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Banks sued over foreclosures
Massachusetts sued five major banks Thursday over deceptive foreclosure practices such as the “robo-signing” of documents, potentially undermining negotiations between lenders and state prosecutors across the nation over the same issue.
The lawsuit names Bank of America Corp., JPMorgan Chase & Co., Wells Fargo & Co., Citigroup Inc. and GMAC. It was filed in Massachusetts by Attorney General Martha Coakley.
The lawsuit also names Mortgage Electronic Registration System Inc. and its parent company as defendants. The company, a mortgage registry database, has been accused of shoddy record-keeping in large numbers of foreclosure proceedings.
The complaint claims the banks violated Massachusetts law with “unlawful and deceptive” conduct in the foreclosure process, including unlawful foreclosures, false documentation, robo-signing and deceptive practices related to loan modifications.
In October 2010, major banks temporarily suspended foreclosures following revelations of fraudulent documents processed by banks. The talks between prosecutors and the banks have been designed to institute new guidelines for mortgage lending nationwide. It was anticipated to be the biggest overhaul of a single industry since the 1998 multistate tobacco settlement.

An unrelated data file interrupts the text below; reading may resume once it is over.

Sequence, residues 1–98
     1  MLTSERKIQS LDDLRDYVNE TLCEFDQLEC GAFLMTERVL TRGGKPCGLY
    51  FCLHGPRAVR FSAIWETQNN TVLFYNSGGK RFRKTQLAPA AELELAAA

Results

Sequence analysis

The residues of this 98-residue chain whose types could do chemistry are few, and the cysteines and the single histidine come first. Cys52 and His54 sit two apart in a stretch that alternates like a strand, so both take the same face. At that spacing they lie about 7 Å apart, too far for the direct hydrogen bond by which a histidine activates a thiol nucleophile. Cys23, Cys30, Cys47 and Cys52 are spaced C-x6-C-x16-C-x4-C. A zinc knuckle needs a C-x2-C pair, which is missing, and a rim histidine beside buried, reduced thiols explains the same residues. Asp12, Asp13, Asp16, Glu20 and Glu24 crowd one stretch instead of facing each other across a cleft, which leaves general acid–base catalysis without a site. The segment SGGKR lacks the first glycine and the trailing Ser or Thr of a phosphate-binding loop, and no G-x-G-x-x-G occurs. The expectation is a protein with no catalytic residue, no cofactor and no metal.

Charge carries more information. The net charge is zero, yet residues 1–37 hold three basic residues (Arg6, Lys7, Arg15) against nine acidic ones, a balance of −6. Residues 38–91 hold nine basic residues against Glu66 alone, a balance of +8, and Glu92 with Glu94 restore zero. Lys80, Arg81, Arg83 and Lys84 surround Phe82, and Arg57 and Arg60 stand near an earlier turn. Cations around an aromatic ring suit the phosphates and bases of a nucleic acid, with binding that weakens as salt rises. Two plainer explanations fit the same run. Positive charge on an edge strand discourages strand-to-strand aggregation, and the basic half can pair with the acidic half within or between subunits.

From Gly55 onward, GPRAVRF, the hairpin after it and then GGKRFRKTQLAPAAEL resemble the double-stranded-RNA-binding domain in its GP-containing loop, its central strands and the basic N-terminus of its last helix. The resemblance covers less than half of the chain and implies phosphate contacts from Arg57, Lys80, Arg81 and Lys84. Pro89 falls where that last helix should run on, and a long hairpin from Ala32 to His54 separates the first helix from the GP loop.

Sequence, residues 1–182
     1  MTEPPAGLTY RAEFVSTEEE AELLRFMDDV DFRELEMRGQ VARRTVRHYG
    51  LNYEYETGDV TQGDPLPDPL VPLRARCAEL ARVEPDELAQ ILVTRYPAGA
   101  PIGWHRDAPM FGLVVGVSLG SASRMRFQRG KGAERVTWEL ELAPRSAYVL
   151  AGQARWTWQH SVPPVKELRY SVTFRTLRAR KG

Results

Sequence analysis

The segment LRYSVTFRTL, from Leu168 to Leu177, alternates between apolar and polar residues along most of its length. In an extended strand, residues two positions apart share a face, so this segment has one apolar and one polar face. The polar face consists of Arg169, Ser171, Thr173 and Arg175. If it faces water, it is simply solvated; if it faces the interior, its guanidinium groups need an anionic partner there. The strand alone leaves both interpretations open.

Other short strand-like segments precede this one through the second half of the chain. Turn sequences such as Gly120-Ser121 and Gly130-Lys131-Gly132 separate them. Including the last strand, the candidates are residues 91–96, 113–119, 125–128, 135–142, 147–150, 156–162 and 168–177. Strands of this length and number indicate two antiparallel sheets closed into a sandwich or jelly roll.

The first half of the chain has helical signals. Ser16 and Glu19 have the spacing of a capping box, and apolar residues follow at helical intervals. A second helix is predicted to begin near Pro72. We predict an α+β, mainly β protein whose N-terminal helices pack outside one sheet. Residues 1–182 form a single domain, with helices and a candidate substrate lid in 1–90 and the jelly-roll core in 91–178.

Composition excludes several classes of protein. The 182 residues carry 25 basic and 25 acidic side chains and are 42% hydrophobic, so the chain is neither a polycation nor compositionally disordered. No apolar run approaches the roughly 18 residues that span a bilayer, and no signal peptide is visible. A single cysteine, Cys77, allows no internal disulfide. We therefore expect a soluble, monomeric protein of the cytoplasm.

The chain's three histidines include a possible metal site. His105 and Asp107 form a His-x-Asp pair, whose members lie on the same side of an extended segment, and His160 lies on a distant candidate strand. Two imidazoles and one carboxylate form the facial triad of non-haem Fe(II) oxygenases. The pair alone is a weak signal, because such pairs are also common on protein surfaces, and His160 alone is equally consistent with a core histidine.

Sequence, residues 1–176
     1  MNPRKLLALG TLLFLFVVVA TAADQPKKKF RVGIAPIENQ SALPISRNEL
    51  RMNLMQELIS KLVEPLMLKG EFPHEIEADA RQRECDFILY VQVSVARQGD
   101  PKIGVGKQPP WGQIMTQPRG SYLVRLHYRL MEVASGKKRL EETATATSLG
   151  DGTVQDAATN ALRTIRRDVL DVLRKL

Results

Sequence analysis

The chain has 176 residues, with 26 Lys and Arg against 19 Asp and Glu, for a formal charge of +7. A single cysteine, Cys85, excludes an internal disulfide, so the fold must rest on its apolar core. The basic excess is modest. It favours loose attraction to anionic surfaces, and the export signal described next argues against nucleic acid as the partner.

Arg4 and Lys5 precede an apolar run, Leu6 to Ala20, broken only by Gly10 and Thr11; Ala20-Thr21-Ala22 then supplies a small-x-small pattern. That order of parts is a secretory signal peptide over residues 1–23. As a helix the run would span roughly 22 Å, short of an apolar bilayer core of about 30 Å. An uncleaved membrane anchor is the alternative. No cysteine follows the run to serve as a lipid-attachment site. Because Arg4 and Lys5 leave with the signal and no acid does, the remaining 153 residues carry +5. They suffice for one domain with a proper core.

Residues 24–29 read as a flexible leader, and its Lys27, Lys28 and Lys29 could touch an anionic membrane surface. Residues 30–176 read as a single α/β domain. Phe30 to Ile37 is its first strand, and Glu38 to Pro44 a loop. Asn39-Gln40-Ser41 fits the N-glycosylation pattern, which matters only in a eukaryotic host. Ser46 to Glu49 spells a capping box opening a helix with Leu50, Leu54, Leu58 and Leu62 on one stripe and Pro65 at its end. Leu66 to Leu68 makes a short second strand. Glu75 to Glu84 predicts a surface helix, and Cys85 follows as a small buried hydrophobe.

Mrs. Coakley said banks have had more than a year to “show accountability for this economic mess” and have failed to do so. “It’s taken too long,” she said.
Lawmakers give up taxpayer-financed vehicles
SACRAMENTO | California lawmakers are giving up a perk that had been unique among state legislators nationwide - taxpayer-subsidized vehicles.
The program ended Thursday after the state’s Citizens Compensation Commission voted in spring to do away with the benefit.
Lawmakers will now seek reimbursement for the number of miles they drive on official business, at a rate of 55 cents a mile.
The decision was prompted by California’s ongoing budget deficits and a series of stories by the Associated Press and other media.
The National Conference of State Legislatures says California was the only state that provided vehicles to its rank-and-file lawmakers for unlimited use.
By John R. Bolton
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